40. Christmas tree activity with ornament cutouts (attach Velcro squares to the tree and back of ornaments so child can stick ornaments on the tree)
  41. Advent calendar with 1 nativity scene character cutout for each day (use Velcro to attach)
  42. Jesse tree with laminated cutouts of symbols
  43. Waterproof instructions for changing a tire (keep in your car for a rainy/snowy day!)
  44. Waterproof instructions for using jumper cables
  45. Preserving expensive specialty board game cards (my brother plays games that come with special cards and laminated them to help them last longer)
  46. Preserving children's artwork
  47. Preserving keepsakes (cards, letters, pictures)
  48. Make your own coupons (for child chores, back rubs/beauty parlor makeover/manicures from your children, one special dessert at a time of their choosing - this is great as a gift for your spouse from your children)
  49. Punch cards for various activities and incentives (similar to buy 10, get 1 free cards you punch with a hole punch...maybe children can do 10 extra chores, get 1 extra privilege)
  50. Garage sale signs
  51. Pretend money (print off play bills and coins so they can learn to count money and learn the values of each coin)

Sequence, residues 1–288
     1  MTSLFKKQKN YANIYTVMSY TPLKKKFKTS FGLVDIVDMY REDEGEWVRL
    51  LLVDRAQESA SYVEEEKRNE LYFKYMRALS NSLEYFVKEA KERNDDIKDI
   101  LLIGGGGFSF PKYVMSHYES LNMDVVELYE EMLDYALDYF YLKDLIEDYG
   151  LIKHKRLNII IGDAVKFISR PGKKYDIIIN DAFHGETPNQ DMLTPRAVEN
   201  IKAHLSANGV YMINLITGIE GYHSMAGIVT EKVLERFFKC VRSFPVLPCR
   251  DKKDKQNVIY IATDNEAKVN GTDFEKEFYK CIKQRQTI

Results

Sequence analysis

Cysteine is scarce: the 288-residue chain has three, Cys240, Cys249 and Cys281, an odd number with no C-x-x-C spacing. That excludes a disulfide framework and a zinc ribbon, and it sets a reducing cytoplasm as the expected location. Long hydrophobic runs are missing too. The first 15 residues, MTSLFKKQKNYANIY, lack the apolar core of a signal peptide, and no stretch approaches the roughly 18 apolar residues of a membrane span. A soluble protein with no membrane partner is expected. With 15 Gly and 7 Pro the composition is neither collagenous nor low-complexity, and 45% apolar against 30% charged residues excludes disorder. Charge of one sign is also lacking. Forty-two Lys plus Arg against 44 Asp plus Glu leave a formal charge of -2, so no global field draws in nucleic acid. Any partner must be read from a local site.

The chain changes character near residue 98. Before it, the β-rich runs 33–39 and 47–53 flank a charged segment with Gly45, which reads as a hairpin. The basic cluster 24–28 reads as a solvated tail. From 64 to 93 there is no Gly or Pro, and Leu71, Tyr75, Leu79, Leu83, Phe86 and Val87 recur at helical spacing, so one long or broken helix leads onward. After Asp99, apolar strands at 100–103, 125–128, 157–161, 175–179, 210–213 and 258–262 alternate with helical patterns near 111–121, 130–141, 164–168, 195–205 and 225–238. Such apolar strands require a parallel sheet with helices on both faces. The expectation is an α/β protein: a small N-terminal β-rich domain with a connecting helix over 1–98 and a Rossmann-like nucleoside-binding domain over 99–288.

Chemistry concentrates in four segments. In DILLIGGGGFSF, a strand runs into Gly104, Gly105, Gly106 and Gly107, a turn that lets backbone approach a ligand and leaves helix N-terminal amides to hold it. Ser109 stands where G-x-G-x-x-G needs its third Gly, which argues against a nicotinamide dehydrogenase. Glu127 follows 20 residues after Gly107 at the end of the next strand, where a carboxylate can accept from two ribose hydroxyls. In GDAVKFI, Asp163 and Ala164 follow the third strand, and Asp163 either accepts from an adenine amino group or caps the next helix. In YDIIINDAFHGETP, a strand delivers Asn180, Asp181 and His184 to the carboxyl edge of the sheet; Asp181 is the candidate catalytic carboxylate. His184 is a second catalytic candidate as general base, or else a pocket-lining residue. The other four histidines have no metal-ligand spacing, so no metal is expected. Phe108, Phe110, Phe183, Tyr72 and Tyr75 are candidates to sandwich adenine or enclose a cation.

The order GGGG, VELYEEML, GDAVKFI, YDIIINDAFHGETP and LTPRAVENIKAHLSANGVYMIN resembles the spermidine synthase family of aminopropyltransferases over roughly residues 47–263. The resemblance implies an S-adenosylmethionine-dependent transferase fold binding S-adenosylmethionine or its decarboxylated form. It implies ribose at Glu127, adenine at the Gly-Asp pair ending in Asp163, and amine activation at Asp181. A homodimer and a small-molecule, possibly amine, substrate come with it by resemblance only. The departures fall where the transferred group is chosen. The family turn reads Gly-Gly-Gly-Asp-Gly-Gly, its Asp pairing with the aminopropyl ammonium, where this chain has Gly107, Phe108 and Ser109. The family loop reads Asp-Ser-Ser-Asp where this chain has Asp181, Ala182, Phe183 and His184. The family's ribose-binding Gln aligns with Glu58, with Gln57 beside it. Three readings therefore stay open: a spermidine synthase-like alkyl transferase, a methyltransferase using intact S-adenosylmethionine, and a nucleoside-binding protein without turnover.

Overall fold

52. Sign to hang on the knob of your front door saying "Please knock, baby is sleeping"
  53. Door hanger for your child's door (either color and laminate, or print a box where they can write memos...except for "keep out", haha!)
  54. Tic Tac Toe game with dry erase markers (or cutouts of Xs and Os to place on a laminated tic tac toe board)
  55. Homemade "Guess Who" game with pictures of your family members (use file folders stapled together to form a barrier between players -imagine a back to back setup like Battleship boards...use a paper clip to pin up the current character on the folder)
  56. Christmas ornaments colored by your child (use a ribbon to hang on tree)
  57. Kitchen measurement equivalency chart for easy access in the kitchen (so it won't get dirty or wet!)
  58. Assortment of basic words cutout and laminated individually so your child can form their own sentences (like the word magnets)
  59. Skeleton or paper doll (use hole punch with brads to attach bones or limbs together)
  60. Paper doll with outfits to velcro on
  61. Pretty printed labels for all of your stuff! (use great modern outlines, fonts, and colors!)
  62. Bingo cards (with numbers, letters, objects, Saints, family members' pictures)
  63. Connect the dots pictures for younger children (with dry erase markers)